Short Stories, Irish literature, Classics, Modern Fiction, Contemporary Literary Fiction, The Japanese Novel, Post Colonial Asian Fiction, The Legacy of the Austro-Hungarian Empire and quality Historical Novels are Among my Interests

Friday, January 23, 2015

"To the Trade" by Aiden O'Reilly (2008)

The 2008 Michael McLaverty Prize Winning Story

March will once again be Irish Short Story Month on The Reading Life.

The Michael McLaverty Short Story Prize, named for one of Ulster's great writers and administrated by the Linen Hall Library, was won in 2008 by Aiden O'Reilly from Dublin, for his short story centering on a father and son doing construction work on the house of an upper class Dublin family.

As the story opens the father and his son are on a scaffold on the house.  The father is doing the skilled work, the son basically is his helper, handing him needed items.  "To the Trade" is a very subtle story.  One of the several evoked topics are Irish class markers.  We see that when the son peers into one of the rooms and is impacted by the obvious femininity of the contents, elements of softness and comfort not found in his life.  We learn, without being over instructed, that his mother is gone.  

One of the characteristics of the Irish short story is the portrayal of deep but unshown on the surface feelings.   You can feel both a love and a tension between father and son.  The work is very hard and the weather is brutal.  The lady of the house tells them to come down for lunch but the father does not want to rush down as if he is a starving tradesman being fed by the lady of the manor in the back kitchen.  I felt a lot of real emotion when the father told his son to go eat while the food is hot.

While they eat the father and the woman conversing about lamb.  The woman notices the roughness of the man's hands.  The lines below from the story shows to me how O'Reilly uses his hands for a. kind of near symphonic bringing to life of the struggles of the working class people of Ireland:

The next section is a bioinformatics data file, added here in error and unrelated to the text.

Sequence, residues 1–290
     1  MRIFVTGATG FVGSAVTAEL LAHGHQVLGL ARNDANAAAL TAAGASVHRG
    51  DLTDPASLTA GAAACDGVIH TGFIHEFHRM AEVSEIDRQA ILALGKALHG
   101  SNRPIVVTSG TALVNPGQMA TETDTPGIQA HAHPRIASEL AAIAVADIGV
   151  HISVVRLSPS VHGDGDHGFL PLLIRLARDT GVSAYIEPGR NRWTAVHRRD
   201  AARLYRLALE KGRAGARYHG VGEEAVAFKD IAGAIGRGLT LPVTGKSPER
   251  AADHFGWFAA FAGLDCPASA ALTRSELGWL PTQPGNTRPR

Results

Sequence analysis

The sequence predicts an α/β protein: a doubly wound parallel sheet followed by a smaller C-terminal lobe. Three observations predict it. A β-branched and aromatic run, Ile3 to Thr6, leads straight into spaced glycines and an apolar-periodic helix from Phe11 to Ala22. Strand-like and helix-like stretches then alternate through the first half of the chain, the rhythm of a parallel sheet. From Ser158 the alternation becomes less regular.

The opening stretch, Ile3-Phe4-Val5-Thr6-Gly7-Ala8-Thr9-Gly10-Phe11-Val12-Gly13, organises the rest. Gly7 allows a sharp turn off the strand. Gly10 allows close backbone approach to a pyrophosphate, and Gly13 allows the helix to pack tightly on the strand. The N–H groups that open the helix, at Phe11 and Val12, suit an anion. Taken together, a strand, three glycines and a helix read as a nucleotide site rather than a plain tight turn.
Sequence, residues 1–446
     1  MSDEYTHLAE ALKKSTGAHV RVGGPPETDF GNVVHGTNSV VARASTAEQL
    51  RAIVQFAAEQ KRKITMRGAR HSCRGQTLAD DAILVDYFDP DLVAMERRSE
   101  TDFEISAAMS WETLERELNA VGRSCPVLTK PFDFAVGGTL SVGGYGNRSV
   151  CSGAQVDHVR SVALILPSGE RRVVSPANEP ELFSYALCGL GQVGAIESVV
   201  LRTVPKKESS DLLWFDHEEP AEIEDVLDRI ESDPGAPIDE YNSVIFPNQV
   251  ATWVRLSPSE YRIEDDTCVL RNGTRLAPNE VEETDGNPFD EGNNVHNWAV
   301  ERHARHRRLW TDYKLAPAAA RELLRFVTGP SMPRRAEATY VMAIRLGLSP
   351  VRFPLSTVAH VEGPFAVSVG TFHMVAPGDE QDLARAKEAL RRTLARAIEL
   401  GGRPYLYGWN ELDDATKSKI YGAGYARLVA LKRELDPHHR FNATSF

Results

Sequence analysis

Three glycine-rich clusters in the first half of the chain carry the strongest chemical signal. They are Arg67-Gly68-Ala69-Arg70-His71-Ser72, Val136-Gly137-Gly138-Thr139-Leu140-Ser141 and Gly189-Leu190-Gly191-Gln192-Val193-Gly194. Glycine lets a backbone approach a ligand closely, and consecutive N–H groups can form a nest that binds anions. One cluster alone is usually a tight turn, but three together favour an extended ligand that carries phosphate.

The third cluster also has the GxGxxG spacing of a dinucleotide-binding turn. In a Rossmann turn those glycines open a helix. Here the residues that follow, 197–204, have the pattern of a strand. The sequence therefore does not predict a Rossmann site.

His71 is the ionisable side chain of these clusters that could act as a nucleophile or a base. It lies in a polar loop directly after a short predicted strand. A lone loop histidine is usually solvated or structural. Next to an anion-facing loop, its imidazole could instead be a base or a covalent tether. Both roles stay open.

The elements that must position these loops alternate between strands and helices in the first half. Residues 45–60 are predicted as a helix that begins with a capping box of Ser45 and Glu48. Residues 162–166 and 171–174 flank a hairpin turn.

"The father reached out for another cut of bread. His thin hands were appallingly abused. The thread remains of a bandage clung to the middle finger. The skin on the sides of the knuckles was cracked in a radial pattern. Dark grey concrete stains lined the ancient cracks; one of them seeped blood, but as though welling up from a great depth. Veins and tendons interplayed on the back of his hand. The fingernails looked like worn saw teeth, or a cracked trowel. They were alive, but had the appearance of things, of abandoned tools. One nail was like a hoof — flesh and keratin intertwined to close over old wounds. Another was split in two from the quick to the fingertip, and a hard growth filled the space between. A bulbous texture like the organic growth of a tree bark over a rusty nail"

One can feel the depth of pain in these lines.  The woman offers to put a plaster on his hands but he says no need but we know it has been a very long time since anyone has shown him any tenderness.

We see in the boy a trapped young man, he hates school and his only way he sees out is to do work on the homes of the rich.  He and his father's relationship is both simple and complex.

I will leave the emotionally devasting close of this story untold.  "To the Trade", which I read three times is very much an award worthy story I commend to all lovers of the form.  I have read some of the novels and short stories of Michael McLaverty and I think he would be honored by the awarding of a prize in his name for this story about working class Irish.  It is a very Irish story but the truths it contains are universal and it counters the claims some, including me, have made about modern Irish literature centering on the weak or missing father.  There is much more that could be said about this story I just hope it gets a large readership.

You can read this story HERE

Be sure and visit Aiden's very interesting webpage

Bio From his publisher's webpage,

 Aiden O’Reilly was interested in puzzles from an early age and published papers on a QM dynamical system before abandoning a PhD in mathematics. He has worked variously as a translator, building-site worker, property magazine editor, and IT teacher. He lived in Eastern Europe for a time, but only met his wife after six years there. He is a 6-kyu go player, enjoys reading Karl Jaspers, and lives in Stoneybatter.

I will soon be posting on his highly received debut collection of short stories, Greetings, Hero.  Aiden has kindly agreed to do a question and answer session so look for that shortly.

Mel u

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